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(photo credit: Ariel Jerozolimski )
The appointment of Israel's former ambassador to the European Union Oded Eran to head the office of the World Jewish Congress (WJC) in Jerusalem is being held up due to an ongoing dispute between the Jerusalem and New York office over control of the Israel office, officials said Sunday.
The appointment, which was supposed to go into effect on Monday, just one day after Eran completed his tenure as a career diplomat with the Foreign Affairs Ministry, has been the subject of a fierce internecine struggle between the two offices which has not been resolved.
Eran, who has returned to Jerusalem, declined comment Sunday.
Negotiations between the Jerusalem and New York offices to reach an eleventh-hour compromise agreement over the appointment have been put off until next week due to the New Year's holiday in the United States.
The appointment is seen by members of the Israeli board as an attempt by the organization's New York-based secretary general Stephen E. Herbits to bypass the Jerusalem office with a hand-picked appointment who will serve as his personal emissary. The group's New York office has called Eran "uniquely qualified" for the posting.
One proposal being considered would see a six-month freeze of the status quo at the organization's Jerusalem office.
The New York office of the WJC was not immediately available for comment Sunday.
Last week, an Israeli anti-corruption group questioned Eran's appointment to the position the day after he completes his tenure at the Foreign Affairs Ministry without a cooling off period.
Eran, 65, has previously served as Israeli ambassador to Jordan, and then headed the Foreign Ministry's team in the failed peace talks with the Palestinians between 1999-2001.
Founded in Switzerland in 1936, the WJC is the representative body of Jewish communities and organizations in nearly 100 countries across the world.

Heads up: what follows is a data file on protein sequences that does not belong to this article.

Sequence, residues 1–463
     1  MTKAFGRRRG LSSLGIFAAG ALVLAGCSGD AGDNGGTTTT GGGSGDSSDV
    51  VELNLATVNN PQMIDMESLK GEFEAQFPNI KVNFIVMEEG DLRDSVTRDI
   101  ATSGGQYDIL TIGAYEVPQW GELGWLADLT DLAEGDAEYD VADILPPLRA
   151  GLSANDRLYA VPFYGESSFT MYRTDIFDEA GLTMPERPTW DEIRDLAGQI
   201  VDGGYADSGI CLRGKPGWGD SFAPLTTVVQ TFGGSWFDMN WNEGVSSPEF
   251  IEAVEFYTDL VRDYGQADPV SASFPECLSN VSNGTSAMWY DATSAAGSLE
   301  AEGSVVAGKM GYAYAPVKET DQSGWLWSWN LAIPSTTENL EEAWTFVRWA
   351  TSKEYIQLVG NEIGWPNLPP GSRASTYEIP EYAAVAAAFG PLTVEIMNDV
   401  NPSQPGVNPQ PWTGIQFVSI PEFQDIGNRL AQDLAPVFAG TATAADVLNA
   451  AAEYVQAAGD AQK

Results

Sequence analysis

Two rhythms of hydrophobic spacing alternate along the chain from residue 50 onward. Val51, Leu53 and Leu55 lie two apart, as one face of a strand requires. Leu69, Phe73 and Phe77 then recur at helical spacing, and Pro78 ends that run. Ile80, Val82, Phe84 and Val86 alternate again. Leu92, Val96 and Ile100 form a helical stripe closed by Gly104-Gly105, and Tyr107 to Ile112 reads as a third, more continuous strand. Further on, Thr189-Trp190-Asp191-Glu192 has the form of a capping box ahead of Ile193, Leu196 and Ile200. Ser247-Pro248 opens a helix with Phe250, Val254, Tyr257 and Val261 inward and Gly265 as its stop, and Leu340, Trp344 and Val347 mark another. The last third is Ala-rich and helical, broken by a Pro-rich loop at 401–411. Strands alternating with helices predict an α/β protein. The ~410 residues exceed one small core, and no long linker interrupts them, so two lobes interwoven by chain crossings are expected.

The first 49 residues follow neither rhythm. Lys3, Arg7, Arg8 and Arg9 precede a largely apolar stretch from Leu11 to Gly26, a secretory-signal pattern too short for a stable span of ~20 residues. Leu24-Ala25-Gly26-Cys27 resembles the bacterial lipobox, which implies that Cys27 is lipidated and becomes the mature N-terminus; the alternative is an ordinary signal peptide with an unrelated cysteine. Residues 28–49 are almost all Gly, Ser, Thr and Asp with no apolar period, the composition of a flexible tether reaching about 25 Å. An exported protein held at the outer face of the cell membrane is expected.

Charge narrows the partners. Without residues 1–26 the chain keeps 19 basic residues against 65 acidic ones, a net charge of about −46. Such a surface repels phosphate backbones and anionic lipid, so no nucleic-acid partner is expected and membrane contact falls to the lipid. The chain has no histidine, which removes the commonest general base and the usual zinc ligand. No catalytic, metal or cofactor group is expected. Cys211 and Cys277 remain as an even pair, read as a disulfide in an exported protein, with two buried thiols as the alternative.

The organization, which has recently undergone a major overhaul due to a case of internal financial mismanagement, is best known for recovering billions of dollars in restitution for Holocaust victims.
The New York-based WJC has affiliate offices around the world including Brussels, Budapest, Buenos Aires, Geneva, Johannesburg, Moscow, Ottawa, Paris, Sydney and Jerusalem, where the WJC's research institute is located.
The Jerusalem office, whose annual budget was recently reduced by nearly one-third to $475,000, works to connect the State of Israel with the Diaspora Jewish communities, and is active on issues such as anti-Semitism, interfaith dialogue, and the preservation of Jewish heritage sites around the world.
Eran has been offered a $250,000 annual salary for the job, nearly double what the office's current director Bobby Brown makes, officials in the organization have said.
Brown, whose job is most directly threatened by Eran's appointment but who has received the unequivocal backing of the Israeli board of the organization, has served in his position for four years.
The organization's relatively small Jerusalem office has about a half dozen people on salary.
The dispute over control of the Jerusalem office, which was followed by a temporary freeze in funding that the New York office attributed to a "major cash flow shortage" has already led to an inter-organizational clash over the group's events. Last month, in an unprecedented move, the New York office of the WJC publicly disassociated itself with an annual event the group's Jerusalem office held in coordination with the Knesset's Christian Allies Caucus and the Ministry of Tourism to honor two prominent evangelical Christian supporters of Israel.
The internal problems the organization is having could also impact this year's expected election of president of the World Jewish Congress after the organization's president Edgar M. Bronfman, 77, steps down following serving in the position for a quarter century.
Bronfman's son, Matthew, is expected to succeed his father upon his retirement.
Bronfman brought Herbits, a former adviser at Seagrams, to the World Jewish Congress as part of the organization's reorganization.